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NEW YORK (AP) — New York’s governor put unusual — and potentially problematic — pressure on Manhattan’s district attorney to bring a criminal case against Harvey Weinstein this week when he ordered the state’s attorney general to investigate the prosecutor’s handling of an earlier sex abuse probe involving the film producer, legal experts said.

On Monday, Gov. Andrew Cuomo, the state’s most powerful Democrat, directed Attorney General Eric Schneiderman to look into whether Manhattan District Attorney Cyrus R. Vance, Jr. bungled a 2015 investigation in which a model accused Weinstein of groping her breast. Vance decided not to bring charges in the case, citing a lack of proof.

The move put a harsh spotlight on Vance, who is already under fire from women’s groups and others who have questioned why no criminal charges have been filed against Weinstein, despite rape or sexual assault claims by several other women.

Putting Vance under scrutiny for his handling of Weinstein in the past, while he is still trying to decide whether to bring a separate criminal case against Weinstein now, could create questions about fairness, lawyers said.

Weinstein’s attorneys have said he denies any non-consensual sexual contact with anyone.

If Weinstein does get charged criminally, “it’s going to look like they bowed to pressure,” even if their case is solid, said Ellen Yaroshefsky, a legal ethics professor at the Maurice A. Deane School of Law at Hofstra University.

“This smacks of pure politics in a primary election season,” Yaroshefsky said, noting Cuomo’s directive came just hours after the actor Cynthia Nixon announced she was challenging the governor in the Democratic primary election.

“Prosecutors are accountable to electorate — if they do a bad job they get voted out. Their discretion on cases is not meant to be questioned by other elected officials,” said Bruce Green, a law professor at Fordham University. “To me, there’s something problematic about the attorney general looking over the shoulder of a D.A., and then reporting it to the governor.”

The governor’s office didn’t respond to requests for comment.

Vance declined to comment, but he has said repeatedly that his investigation of Weinstein will be driven by facts and the law, not political considerations.

Schneiderman said his office is committed to a “full, fair and independent review.”

There isn’t much precedent for the type of investigation Cuomo has asked Schneiderman to conduct.

The authority to order the investigation likely comes under a state executive law that allows the attorney general, with the governor’s OK, to inquire into matters of “public justice” and recommend changes. Those investigations typically result in the release of an investigative report, but not disciplinary action or a prosecution.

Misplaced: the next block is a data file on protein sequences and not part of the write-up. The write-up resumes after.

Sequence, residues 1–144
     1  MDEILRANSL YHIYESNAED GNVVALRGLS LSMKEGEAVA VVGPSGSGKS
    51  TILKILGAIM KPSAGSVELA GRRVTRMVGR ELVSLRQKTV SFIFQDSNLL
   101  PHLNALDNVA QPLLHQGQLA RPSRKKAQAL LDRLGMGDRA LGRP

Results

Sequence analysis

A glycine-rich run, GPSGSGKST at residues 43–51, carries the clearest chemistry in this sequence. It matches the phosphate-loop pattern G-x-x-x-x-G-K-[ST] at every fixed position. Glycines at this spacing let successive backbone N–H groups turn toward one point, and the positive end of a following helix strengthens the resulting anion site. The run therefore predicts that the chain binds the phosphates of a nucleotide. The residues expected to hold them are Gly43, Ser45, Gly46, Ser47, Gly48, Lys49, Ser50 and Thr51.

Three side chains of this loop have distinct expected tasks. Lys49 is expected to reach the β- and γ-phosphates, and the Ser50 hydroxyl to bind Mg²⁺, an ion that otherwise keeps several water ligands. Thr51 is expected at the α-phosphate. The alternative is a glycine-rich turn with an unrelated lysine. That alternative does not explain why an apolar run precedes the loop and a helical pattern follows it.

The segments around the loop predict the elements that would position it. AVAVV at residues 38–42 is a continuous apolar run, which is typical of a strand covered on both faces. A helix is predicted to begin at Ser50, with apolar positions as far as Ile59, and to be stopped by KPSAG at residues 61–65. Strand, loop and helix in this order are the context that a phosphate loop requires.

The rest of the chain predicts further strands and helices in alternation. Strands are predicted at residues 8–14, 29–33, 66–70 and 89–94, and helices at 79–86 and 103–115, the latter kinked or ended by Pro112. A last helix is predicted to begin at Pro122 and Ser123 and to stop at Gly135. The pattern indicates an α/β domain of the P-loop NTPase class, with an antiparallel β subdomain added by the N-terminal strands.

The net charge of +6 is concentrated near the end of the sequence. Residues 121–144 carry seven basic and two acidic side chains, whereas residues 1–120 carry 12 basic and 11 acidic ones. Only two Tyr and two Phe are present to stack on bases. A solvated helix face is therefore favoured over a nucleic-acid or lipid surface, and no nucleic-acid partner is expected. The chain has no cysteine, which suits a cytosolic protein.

It isn’t clear when the attorney general’s office might start its investigation, or what steps it might take to avoid interfering with the prosecutors’ ongoing criminal investigation of allegations that Weinstein raped a different actress in 2010. Cuomo said Vance’s office expected to complete the criminal probe of the 2010 case, one way or another, in about 45 days.

Schneiderman’s review would focus on Vance’s handling of a complaint made in 2015 by Ambra Battilana Gutierrez, a model who accused Weinstein of groping her during a meeting. Police conducted a sting at the time in which they recorded Weinstein apologizing for his conduct.

Vance, however, split with police and decided there wasn’t enough evidence.

On Monday, Time’s Up, an anti-sexual misconduct campaign started by group of Hollywood industry women, asked Cuomo to order an investigation after a story in New York magazine questioned whether the district attorney’s office had been influenced improperly during its probe.

Hours later, Cuomo announced that he would order Schneiderman to look into it.

“It’s a very fraught situation,” said attorney Joel Cohen, whose firm has represented Vance’s political campaign organization before, but does not represent him now. “Just the notion of the AG’s investigation is bizarre enough,” he said, but now “there is a pending investigation related to the same person.”

He said “a courageous prosecutor” wouldn’t let an outside investigation factor into the decision, and he said he was confident Vance fell into that category.

The Associated Press does not typically identify people who say they are victims of sexual assault unless they speak publicly, as Battilana Gutierrez has done.